So we got up early on our second day for a 40 mile road ride.
First we rode through the chaos of town. This sort of ride-by-the-seat-of-your-pants means of navigating the streets suits me well. We're sharing the streets with pedestrians, other cyclists on beat up old mountain bikes, cargo trikes, pedicabs, mototaxis (sort of tricycle moped taxis that seat two), mopeds, motorcycles, small Toyota trucks, smaller Kia cars and occasionally a horse or ox drawn cart. All these vehicles move at different paces, and you have to move fluidly around the slower traffic, left, right wherever and allow the faster vehicle to overtake you. It seems very chaotic, but it just seems to work because everyone is paying attention, the speeds are slow, and people are generally courteous. It kind of feels like finding the best line on the trail while mountain biking, except the trail and all the trees are moving. Also a lot like riding through the crowds across The Quad during passing period back in college.
Once we get on the Pan-America highway, things change a bit. Now semi trucks share the road with ox carts. Sometimes the semis don't give you much space when passing, quite unnerving, but I suppose the locals are used to it. The bus and cab drivers are quite vocal with their horns, they seem to honk at everything, like a barking dog. Most drivers reserve their horn for when they actually need it. Sometimes busses will pass a semi into oncoming traffic if that traffic is a bike or motorcycle and just expect you to get out of the way.
In other words, Carol would hate it.
After a few miles we pulled off a side road toward the town of Santa Teresa. Once we got through tow we had miles of rural paved road to ride with only the occasional car passing.
There is definitely poverty in the countryside, there are some barely habitable shelters people are living in, but then there are nice little well kept homes like above. A remarkable number of even the run-down places have "Claro" satellite dishes on top.
There were a lot more cars and bicycles than ox carts, but I only took photos of the novel roadway users.
The ride was an out and back. On the way back through Santa Teresa it was a bit of a slow, steady climb, so I got to take more photos of the commercial strip:
After getting back to Cesar's place and cleaning up, we went out to a Vegetarian Malaysian place only 3 blocks away.
There are a remarkable number of foreign restaurants here, even in towns like Jinotepe that see few of the tourist travelers.
In the afternoon we hopped in Cesar's other truck and headed off to his coffee farm.
He says its a Russian made military surplus truck left over from the Contra war in the 80's. he says it can carry up to 10,000 pounds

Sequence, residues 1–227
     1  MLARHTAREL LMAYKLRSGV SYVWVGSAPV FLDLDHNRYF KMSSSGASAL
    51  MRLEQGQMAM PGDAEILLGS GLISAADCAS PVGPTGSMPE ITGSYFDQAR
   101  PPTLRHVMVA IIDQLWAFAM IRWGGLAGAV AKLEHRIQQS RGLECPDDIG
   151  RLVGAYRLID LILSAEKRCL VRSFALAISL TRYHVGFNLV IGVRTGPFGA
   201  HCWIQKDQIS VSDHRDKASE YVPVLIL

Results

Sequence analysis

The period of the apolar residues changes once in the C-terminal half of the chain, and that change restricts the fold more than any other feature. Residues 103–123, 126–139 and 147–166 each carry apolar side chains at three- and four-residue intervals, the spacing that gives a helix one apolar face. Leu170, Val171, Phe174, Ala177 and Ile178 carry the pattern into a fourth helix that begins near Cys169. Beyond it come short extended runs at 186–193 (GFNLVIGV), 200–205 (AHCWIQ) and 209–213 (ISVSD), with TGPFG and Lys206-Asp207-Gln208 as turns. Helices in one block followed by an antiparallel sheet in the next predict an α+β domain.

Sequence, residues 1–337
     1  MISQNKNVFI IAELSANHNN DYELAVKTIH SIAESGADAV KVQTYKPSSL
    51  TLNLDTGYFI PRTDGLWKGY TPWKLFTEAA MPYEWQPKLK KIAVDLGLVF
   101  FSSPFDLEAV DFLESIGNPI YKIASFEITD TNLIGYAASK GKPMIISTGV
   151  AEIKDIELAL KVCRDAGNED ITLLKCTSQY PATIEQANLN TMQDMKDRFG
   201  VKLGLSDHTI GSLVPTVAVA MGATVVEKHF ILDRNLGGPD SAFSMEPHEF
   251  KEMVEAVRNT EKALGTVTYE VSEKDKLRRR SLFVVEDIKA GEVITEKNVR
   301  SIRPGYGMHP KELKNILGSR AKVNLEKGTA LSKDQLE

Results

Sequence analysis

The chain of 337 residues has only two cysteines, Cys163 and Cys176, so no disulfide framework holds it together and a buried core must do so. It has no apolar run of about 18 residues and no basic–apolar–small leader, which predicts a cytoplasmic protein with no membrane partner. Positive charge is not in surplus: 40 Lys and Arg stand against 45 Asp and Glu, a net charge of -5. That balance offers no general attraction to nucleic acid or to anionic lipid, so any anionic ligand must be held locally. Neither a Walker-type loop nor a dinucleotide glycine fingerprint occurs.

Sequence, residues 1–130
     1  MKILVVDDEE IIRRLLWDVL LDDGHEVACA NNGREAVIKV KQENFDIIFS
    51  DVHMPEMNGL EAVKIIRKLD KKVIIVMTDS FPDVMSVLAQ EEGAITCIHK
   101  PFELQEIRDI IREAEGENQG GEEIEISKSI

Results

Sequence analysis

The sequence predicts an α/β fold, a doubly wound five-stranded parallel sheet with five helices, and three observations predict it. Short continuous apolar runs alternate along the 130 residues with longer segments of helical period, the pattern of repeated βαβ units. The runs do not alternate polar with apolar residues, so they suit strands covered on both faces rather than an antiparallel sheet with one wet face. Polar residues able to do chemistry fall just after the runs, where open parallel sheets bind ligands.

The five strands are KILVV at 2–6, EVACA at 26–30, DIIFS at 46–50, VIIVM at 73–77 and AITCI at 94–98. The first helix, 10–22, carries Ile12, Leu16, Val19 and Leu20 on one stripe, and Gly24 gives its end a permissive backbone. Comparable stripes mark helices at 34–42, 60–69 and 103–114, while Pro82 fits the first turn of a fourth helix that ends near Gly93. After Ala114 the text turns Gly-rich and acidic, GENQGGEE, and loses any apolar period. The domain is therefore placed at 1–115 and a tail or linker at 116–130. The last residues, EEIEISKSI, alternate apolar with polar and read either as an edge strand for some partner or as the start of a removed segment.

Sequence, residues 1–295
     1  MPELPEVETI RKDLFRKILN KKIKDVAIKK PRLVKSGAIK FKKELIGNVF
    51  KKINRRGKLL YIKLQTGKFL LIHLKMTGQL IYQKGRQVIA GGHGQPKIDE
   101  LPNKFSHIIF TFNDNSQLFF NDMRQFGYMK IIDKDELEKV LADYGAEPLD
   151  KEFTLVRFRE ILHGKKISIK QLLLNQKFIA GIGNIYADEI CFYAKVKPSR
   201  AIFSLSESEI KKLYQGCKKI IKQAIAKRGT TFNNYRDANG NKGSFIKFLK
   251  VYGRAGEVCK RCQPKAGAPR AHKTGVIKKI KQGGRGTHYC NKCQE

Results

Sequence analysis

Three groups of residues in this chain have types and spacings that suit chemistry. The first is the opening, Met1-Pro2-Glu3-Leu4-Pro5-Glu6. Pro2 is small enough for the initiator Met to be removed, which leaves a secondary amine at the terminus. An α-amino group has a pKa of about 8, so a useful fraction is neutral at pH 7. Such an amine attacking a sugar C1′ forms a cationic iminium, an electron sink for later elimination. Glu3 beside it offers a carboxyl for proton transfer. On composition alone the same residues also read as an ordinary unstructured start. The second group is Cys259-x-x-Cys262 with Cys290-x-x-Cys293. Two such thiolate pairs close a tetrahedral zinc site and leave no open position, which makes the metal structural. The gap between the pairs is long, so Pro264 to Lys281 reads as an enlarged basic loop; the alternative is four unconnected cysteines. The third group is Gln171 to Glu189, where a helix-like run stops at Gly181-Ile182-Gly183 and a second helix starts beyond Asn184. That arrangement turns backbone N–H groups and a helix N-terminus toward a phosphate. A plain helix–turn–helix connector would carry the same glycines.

Once we turned onto the dirt road things got gnarly. It's how to express how rough and eroded the farm road is, the photos below only show the smooth parts since I was too busy holding onto the "oh shit" bar to take photos for much of the ride.
Again, I pulled out my good camera for around the farm, so the only photo I have handy right now is this shot from a viewpoint:
Cesar grows shade-grown coffee on his farm with the help of a farm manager and about 3 other workers. The manager lives out there much of the time with his wife and adorable daughter in a small, well built, but simple house with an outdoor (covered) kitchen where they burn wood for fuel. The only water is rain water gathered in cisterns from the roof. They are way ahead of us when it comes to 'rain barrels'. I wouldn't want to spend more than a night there but I suppose it has everything you really need.
In addition to the coffee, they also grow bananas, oranges, tangerines, citron, lemons, papaya (and probably some other fruit we didn't see), teak and mahogany, but the coffee is the main cash crop. He is in the process of expanding, clearing out some disused farmsteads that he has purchased, which had grown up in trees, brush and vines in just a few years. He has planted over 40,000 coffee plants and cares for them carefully in their first year so that they can be over 4' tall in less than 2 years. He is very proud of his coffee and is trying to grow it in a relatively sustainable fashion.
The road to the farm was even more exciting as the night settled in. Every time Cesar had to back up a little to shift out of 4-low he teased us that he was going to show us that his truck was so tough that it could do it again backwards! Carol would not have liked this.
We went out to dinner at a pizza place owned by a real Italian guy (one of at least 3 pizza placed in town). So I had high hopes for it, it was good, but average really.
-- Posted from the trail